(IRIN) – Residents and officials in Gaza say the repeated closures of the border crossing into Egypt, a key lifeline for Palestinians in the occupied territories, is destroying livelihoods, harming health and lowering basic living conditions.
The border crossing at Rafah has now been closed for seven consecutive days – the second sustained closure in the past few weeks – following instability in the Sinai region on the Egyptian side of the border.
A reopening is promised tomorrow, Wednesday, but the closures, reduced operating hours and the crackdown on smuggling tunnels are squeezing the country’s most important supply line.
Among those who have tried to leave Gaza over the past few weeks is Mona Hussien, 34, and her four children, who normally live in Saudi Arabia.
“I’ve been to the crossing about five times now [in less than two weeks]. My children are tired and so am I. We have school coming. It’s our residency at stake; we have to go,” she told IRIN.
She came to spend the summer with relatives in Gaza, but has grown increasingly desperate to re-join her husband.
“When are we going to go back to normal? How we can live like other people while we are facing such restrictions, closures and [the] blockade?”
The Rafah crossing has been the principal connection between Gaza’s 1.8 million residents and the outside world since the destruction of Gaza’s international airport in 2001 and the subsequent air and naval blockade.
Last week’s decision to close the border was taken by the Egyptian authorities following an attack by militants on a military base in northern Sinai.
“Thousands are trying to leave and enter every day,” said Gaza resident Yehia Barrawi, 62. “Even with the announced temporary reopening, many will still be blocked, and we no longer feel the crossing is stable.”
The situation has deteriorated since late June, when demonstrations erupted in Egypt, culminating in the removal of president Mohamed Morsi in early July. The Egyptian army initiated a campaign against armed militants and extremist groups operating in the Sinai, which media close to the new government have linked to the Hamas movement, which controls neighbouring Gaza.
Even when the crossing has been open, hours have been reduced from nine to four and from seven days to six.
In the week before these recent closures, from 3 to 9 September, UN figures show at least 150 people crossed into Egypt and around 130 others crossed into Gaza per day. Together, this is just 15 percent of the average number of people crossing per day in June (approximately 1,860).
The other two crossings – into Israel – at Kerem Shalom and Erez have severe restrictions on the movement of people and goods.
“When are we going to go back to normal? How we can live like other people while we are facing such restrictions, closures and [the] blockade?” Yehia has been repeatedly prevented from crossing the border. He’s recovering from heart surgery in Gaza and says he now risks losing his work and residency permits in the United Arab Emirates because of the delays. “I came to Gaza with my wife and daughter six months ago. Everything was fine. However it changed after the recent developments. Now, I’m stranded,” he said.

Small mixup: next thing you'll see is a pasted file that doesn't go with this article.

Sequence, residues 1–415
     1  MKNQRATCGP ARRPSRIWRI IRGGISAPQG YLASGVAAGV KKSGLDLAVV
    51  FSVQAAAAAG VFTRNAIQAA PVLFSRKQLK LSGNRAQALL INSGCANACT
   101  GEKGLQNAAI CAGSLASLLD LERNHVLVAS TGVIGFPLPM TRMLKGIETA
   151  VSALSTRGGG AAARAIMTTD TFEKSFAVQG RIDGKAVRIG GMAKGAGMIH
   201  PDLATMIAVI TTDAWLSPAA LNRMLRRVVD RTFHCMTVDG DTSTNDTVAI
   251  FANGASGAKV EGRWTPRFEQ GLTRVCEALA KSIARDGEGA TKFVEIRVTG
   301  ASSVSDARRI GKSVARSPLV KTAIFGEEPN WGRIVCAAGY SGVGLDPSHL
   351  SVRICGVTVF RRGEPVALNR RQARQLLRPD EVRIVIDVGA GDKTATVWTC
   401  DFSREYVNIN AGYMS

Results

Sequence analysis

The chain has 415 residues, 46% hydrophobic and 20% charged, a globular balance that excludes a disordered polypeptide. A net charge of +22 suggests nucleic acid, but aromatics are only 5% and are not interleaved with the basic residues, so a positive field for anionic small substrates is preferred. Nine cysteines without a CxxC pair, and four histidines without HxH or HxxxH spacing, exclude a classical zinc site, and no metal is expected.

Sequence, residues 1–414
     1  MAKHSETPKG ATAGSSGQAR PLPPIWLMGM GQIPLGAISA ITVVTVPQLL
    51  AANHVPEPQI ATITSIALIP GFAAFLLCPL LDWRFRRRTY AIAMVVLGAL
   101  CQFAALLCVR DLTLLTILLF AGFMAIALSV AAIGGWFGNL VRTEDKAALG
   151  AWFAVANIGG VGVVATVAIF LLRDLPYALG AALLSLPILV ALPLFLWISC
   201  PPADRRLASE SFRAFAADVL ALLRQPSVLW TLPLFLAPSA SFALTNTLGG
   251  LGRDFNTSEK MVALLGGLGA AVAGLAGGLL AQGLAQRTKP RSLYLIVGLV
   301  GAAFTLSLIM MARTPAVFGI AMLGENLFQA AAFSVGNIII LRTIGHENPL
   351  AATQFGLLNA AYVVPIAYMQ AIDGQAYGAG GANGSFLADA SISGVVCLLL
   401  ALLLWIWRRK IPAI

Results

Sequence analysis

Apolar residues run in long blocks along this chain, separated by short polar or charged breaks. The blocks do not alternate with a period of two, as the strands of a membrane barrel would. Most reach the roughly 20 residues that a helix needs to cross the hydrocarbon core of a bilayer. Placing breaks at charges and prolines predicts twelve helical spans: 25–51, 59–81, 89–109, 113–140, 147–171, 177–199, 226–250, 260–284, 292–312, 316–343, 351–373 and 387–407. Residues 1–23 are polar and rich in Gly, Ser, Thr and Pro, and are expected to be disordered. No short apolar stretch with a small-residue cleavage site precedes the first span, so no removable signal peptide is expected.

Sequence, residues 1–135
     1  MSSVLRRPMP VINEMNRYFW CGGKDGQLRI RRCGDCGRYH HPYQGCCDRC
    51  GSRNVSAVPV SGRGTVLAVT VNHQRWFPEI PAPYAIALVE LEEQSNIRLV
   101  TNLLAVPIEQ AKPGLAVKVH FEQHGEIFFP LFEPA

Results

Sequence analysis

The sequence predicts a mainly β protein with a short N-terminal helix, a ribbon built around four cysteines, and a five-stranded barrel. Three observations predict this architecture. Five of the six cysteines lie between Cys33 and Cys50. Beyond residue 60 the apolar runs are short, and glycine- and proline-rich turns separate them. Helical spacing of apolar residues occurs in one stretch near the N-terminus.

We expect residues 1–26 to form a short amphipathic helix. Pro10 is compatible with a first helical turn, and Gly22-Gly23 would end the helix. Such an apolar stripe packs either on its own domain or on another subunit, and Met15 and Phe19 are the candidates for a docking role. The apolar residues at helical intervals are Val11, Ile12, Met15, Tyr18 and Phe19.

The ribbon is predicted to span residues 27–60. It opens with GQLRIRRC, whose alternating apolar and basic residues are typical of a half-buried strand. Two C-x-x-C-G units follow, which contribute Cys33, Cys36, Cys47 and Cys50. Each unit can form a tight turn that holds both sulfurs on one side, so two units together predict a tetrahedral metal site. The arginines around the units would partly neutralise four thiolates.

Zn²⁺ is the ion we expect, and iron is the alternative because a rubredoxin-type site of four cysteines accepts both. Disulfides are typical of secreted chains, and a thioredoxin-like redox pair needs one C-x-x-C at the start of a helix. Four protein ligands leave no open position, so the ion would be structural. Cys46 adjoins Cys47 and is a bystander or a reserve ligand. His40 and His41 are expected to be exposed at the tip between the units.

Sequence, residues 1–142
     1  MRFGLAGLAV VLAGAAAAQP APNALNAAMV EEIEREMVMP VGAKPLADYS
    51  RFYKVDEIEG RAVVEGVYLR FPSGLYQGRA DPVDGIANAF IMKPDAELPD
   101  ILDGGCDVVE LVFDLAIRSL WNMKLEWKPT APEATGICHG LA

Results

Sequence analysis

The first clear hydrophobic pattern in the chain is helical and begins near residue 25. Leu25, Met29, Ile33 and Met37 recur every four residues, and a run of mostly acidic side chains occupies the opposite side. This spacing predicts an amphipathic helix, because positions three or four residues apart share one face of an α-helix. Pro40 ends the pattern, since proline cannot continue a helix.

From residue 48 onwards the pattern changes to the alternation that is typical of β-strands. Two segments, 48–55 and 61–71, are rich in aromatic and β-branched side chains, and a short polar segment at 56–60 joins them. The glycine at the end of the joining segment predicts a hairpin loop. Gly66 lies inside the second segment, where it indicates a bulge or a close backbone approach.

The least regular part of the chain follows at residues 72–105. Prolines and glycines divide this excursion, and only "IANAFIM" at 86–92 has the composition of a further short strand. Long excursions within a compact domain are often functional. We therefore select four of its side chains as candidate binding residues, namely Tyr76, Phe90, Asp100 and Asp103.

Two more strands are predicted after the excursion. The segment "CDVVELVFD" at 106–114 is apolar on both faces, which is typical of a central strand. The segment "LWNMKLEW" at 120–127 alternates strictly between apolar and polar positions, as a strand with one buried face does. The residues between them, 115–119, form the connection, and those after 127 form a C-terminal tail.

Restrictions and concerns
Gaza’s health minister, Mofeed Mukhalalati, says there are thousands of patients waiting to leave for medical treatment in Egypt.
Several medical delegations planning to treat patients and train local health ministry staff were denied permission to enter Gaza.
Alaa, 26, who requires knee surgery after sustaining an injury in a football game three months ago, says he has tried several times to leave through the crossing, but despite having all the supporting documents, he was denied entry by Egyptian authorities.
Alaa told IRIN that he found it shocking because he had travelled to Egypt a few months before, and had entered the country and returned without any problems.
There are ongoing efforts to find a possible way to permanently reopen the crossing, according to officials in Gaza. Meanwhile, a handful of Palestinians are clustered at the crossing gate, urging an immediate reopening.
“The Office for the Coordination of Humanitarian Affairs (OCHA) is very concerned about recent security measures and restrictions on the Rafah crossing and tunnels between Egypt and the Gaza Strip,” said the UN Secretary-General’s spokesperson, Farhan Haq, earlier this month.
“The restrictions have resulted in delays for students and patients seeking urgent medical treatment, and shortages of construction materials, fuel and medical supplies. Thousands of Palestinians are stranded on both sides of the border.”
On 16 September, Palestinian President Mahmoud Abbas asked the Egyptians to reopen the crossing to allow people and patients to leave and to let people stranded in Egypt enter Gaza.
Egyptian officials responded hours later by announcing that the crossing will be temporarily opened on Wednesday and Thursday, 18 and 19 September, for humanitarian reasons. There are no indications or announcements about any later openings.
Shortages and inflation
The closures, along with the large-scale destruction of smuggling tunnels that were a major supply route into Gaza, are leading to shortages and higher prices for basic goods.
OCHA estimates that fewer than 10 tunnels are operational, down from 50 in previous weeks and 300 before June.
Gaza depends on supplies of cheap Egyptian fuel to run its main power station. With daily fuel imports down to 200,000 litres, from one million, Gaza is suffering long hours of blackouts.